Torture common in Afghanistan, UN report finds. Can NATO trust local forces?
Half of all detainees in the custody of the Afghanistan intelligence service have been tortured, a year-long UN investigation found, raising questions about the readiness of local forces to take over from NATO.
Half of all detainees in Afghan intelligence service custody have been tortured, according to a new United Nations report that raises grave concerns about the Afghan security force personnel that the United States and its NATO partners are meant to be training and supervising.Skip to next paragraph
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In a nearly year-long investigation that concluded in August, UN officials uncovered “compelling evidence” of systematic detainee abuse, including electric shock, beatings with rubber hoses, and the forced removal of toenails.
Children under the age of 18 were also found to have been tortured, according to the report’s executive summary.
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The investigation raises questions about the readiness of Afghan forces to take over security responsibility and amplifies fears that the torture could further fuel the insurgency. However NATO officials are unsure how to address the problem.
Detainees described being suspended from the ceiling with chains around their wrists, as well as “beatings, especially with rubber hoses, electric cables or wires or wooden sticks and most frequently on the soles of the feet.”
The descriptions of abuse are at times gruesome, including the “twisting and wrenching” of body parts, mutilation, and “threatened sexual abuse.”
Beginning in October 2010, UN officials interviewed 379 detainees at 47 detention centers across Afghanistan. Of the 273 detainees held in custody by officials of the Afghan intelligence service, known as the National Directorate of Security, 125, or 46 percent, reported being tortured.
Of those held in Afghan national police custody, one third “experienced treatment that amounted to torture or to other cruel, inhuman, or degrading treatment,” according to the report.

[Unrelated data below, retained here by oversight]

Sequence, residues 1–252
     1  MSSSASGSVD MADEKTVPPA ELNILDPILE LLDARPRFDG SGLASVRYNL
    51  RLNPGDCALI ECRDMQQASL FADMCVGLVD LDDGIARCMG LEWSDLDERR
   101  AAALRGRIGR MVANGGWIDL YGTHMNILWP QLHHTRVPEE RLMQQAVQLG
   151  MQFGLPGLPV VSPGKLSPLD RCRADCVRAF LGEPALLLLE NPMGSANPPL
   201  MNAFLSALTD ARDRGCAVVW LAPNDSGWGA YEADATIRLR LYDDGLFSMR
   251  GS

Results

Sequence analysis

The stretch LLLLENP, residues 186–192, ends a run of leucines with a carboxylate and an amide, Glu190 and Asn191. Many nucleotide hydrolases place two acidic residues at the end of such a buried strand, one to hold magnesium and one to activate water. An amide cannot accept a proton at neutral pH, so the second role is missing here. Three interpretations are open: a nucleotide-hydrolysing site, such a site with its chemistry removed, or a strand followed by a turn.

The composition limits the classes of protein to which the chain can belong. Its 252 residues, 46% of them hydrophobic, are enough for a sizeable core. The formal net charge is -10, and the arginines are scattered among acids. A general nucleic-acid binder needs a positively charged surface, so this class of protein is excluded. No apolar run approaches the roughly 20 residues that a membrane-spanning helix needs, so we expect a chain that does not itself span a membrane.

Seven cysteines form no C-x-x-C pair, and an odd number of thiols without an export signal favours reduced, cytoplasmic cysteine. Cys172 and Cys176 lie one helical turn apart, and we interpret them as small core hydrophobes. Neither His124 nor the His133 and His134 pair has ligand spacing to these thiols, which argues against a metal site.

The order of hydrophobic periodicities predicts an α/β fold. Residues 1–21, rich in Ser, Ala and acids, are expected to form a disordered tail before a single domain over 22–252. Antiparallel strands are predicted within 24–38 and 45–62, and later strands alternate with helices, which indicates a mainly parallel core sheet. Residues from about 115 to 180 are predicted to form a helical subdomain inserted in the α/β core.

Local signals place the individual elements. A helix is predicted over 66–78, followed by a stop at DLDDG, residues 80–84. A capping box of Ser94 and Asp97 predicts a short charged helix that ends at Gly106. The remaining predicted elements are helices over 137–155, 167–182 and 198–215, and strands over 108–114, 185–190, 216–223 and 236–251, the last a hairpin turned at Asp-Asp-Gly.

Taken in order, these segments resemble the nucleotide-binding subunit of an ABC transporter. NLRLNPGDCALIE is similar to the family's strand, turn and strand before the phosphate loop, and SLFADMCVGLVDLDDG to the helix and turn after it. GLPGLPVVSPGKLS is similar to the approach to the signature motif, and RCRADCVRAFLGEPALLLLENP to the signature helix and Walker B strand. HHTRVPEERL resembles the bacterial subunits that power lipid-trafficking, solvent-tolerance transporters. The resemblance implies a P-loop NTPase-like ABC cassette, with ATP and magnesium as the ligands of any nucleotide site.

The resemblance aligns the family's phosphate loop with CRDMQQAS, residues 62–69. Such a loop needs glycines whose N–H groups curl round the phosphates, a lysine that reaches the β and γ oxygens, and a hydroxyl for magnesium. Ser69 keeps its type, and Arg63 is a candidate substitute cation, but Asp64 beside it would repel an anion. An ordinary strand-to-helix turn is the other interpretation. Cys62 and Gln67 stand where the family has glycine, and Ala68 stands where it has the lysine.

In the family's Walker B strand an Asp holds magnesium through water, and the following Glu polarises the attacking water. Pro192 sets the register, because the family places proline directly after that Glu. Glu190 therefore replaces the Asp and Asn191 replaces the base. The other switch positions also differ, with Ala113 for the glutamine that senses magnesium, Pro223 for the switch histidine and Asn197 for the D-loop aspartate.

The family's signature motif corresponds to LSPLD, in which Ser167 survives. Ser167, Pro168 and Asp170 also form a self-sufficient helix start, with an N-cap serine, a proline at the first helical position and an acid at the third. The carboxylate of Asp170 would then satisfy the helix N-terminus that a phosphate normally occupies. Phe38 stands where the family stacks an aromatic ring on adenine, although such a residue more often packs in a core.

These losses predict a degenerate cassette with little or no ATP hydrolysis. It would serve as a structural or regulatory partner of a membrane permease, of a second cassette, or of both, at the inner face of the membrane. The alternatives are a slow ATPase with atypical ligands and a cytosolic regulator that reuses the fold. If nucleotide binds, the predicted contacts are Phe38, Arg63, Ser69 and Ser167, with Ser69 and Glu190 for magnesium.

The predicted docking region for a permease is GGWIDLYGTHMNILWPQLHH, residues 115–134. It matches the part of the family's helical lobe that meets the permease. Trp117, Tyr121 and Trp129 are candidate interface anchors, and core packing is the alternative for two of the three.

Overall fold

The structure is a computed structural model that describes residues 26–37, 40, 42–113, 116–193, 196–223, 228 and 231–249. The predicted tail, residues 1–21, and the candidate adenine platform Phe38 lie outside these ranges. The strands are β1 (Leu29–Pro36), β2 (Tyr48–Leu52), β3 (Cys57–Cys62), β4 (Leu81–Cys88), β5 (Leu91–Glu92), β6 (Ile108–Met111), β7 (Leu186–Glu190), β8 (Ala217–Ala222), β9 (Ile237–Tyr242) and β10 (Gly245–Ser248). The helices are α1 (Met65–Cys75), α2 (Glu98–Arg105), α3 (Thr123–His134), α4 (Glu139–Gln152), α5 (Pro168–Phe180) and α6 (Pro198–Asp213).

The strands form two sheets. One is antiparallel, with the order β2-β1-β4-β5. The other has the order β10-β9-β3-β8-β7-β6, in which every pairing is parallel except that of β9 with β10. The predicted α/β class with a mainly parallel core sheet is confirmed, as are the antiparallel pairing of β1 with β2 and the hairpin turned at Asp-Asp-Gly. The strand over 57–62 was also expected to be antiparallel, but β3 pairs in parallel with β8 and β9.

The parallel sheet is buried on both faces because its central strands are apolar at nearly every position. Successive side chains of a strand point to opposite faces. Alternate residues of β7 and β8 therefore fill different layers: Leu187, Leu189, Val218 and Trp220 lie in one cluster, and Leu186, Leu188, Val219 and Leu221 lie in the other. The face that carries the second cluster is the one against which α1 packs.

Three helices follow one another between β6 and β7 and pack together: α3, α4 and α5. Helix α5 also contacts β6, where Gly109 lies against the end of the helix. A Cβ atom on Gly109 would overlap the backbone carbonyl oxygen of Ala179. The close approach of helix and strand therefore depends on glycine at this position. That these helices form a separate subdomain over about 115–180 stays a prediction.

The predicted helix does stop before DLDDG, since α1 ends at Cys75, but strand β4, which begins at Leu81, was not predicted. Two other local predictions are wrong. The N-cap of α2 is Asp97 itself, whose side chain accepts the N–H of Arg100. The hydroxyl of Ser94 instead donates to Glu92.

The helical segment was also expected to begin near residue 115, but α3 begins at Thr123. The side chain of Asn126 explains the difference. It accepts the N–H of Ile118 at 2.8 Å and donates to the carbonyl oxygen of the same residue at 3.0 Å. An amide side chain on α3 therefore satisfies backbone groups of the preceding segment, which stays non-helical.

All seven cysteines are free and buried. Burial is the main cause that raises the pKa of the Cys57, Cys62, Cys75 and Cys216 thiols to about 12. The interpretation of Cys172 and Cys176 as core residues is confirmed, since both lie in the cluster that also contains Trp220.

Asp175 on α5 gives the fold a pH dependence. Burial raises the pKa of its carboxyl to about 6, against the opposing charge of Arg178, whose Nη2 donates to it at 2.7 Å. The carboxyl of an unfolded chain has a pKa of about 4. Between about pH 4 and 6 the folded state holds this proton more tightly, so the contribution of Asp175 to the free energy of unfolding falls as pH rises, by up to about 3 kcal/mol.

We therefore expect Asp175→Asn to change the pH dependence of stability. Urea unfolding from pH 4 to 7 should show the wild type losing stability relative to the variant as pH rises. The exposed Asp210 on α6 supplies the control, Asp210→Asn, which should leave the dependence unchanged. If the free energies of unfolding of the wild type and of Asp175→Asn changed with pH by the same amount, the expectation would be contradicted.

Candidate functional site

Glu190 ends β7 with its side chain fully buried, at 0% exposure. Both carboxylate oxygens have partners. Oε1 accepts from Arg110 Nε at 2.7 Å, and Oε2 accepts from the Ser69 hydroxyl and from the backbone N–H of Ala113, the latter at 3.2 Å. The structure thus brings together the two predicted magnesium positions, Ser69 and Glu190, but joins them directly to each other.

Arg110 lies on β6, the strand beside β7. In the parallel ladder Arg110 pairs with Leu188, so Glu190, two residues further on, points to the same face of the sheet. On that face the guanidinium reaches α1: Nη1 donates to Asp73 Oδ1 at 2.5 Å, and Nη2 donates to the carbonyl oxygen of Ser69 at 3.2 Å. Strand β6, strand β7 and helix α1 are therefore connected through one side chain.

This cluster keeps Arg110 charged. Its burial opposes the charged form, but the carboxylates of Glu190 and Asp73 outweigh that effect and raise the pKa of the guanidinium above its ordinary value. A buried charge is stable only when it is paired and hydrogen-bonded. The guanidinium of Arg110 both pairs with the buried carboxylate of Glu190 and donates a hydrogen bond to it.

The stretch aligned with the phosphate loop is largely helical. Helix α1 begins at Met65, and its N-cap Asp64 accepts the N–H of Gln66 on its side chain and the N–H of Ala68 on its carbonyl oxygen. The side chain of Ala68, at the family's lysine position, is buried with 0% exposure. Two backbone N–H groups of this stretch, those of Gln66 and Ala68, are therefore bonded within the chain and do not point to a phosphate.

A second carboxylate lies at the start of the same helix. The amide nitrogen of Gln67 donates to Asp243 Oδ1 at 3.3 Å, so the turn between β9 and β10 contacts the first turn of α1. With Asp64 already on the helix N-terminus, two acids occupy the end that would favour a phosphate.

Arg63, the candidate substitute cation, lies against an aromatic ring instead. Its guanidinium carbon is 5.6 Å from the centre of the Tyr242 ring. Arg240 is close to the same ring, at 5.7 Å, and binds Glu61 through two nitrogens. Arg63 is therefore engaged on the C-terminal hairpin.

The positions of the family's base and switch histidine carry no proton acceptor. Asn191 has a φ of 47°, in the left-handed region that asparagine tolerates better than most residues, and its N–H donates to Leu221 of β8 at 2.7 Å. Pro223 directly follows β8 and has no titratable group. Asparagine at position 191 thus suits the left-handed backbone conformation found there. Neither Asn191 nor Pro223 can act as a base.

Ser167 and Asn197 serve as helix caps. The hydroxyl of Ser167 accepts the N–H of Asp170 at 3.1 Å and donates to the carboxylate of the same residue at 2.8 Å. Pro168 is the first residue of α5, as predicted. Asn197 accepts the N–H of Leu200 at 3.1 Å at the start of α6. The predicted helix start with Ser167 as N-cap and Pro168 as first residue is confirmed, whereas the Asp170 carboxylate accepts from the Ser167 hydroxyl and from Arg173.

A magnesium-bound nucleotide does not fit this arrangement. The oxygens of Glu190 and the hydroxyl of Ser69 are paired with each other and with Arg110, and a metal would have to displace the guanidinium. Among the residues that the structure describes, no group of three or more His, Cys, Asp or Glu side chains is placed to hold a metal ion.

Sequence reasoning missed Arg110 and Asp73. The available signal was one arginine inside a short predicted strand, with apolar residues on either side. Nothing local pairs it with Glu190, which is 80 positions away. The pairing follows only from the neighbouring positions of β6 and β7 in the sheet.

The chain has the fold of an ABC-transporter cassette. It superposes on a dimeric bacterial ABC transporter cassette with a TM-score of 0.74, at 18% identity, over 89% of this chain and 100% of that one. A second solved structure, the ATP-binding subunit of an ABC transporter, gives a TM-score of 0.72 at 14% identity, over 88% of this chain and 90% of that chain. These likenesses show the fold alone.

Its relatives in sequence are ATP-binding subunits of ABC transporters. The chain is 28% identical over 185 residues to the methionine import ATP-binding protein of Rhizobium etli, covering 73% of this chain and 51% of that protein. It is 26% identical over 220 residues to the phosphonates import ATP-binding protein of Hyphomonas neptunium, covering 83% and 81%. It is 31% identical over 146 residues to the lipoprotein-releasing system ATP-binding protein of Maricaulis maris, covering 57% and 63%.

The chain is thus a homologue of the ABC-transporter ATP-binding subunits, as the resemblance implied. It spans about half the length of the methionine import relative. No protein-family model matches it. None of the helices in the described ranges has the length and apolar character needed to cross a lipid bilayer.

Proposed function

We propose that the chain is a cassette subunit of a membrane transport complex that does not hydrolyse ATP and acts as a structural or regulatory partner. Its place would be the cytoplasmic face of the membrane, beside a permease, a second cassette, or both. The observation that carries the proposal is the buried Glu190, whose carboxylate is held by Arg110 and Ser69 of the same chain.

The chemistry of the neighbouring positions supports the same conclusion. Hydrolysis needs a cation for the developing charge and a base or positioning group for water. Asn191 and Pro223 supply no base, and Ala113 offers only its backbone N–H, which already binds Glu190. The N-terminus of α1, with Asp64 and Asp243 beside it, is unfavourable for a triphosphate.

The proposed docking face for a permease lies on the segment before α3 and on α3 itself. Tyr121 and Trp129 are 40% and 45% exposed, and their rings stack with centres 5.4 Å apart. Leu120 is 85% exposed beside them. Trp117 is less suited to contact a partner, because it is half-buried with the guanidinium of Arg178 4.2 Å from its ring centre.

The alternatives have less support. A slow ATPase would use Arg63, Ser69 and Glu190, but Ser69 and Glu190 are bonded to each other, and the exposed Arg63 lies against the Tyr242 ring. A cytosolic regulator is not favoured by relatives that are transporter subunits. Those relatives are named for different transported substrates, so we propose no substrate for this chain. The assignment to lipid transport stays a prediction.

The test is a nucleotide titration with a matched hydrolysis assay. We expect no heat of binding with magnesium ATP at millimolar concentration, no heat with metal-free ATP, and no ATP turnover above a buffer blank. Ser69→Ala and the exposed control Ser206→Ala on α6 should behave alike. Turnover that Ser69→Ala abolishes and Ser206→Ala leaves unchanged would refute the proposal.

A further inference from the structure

The United Nations Assistance Mission in Afghanistan, which sent out the investigators, also reported one death of a detainee in Afghan national police custody in Kandahar during the time period of the investigation.
The report downplayed the possibility that detainees lied about their treatment.
The pattern of abuse uncovered among detainees in different regions of the country who have never spoken with one another “is inconsistent” with detainees who might have been “trained before their detention in what lies to tell about their treatment if detained,” investigators said, adding that the stories were specific, and also unique to individual detention centers and personnel.
The torture was most often used to elicit confessions, according to the report, and ended once the confession was made.
Senior NATO officials have long worried about Afghan treatment of detainees captured by US and other coalition forces, and for that reason often refuse to hand them over to Afghan security forces.
“We know this goes on,” says one senior NATO official, who spoke on condition of anonymity. “Now what do we do about it?”
US officials have stepped up the pace of training Afghan security forces, to prepare them to take responsibility for security in 2014, when many US forces are expected to leave Afghanistan.
The report raises devastating questions about Afghan security force readiness, according to the senior NATO official.
Though the Afghan government explicitly condemns torture, the investigation noted a considerable lack of accountability. Any prosecution for those who have been discovered engaging in torture is “weak, not transparent, and rarely enforced,” according to the report.
Senior Afghan intelligence officials told UN investigators that in recent years, only two claims of torture have ever been investigated, “neither of which,” the report noted, “led to charges being pursued against the accused.”
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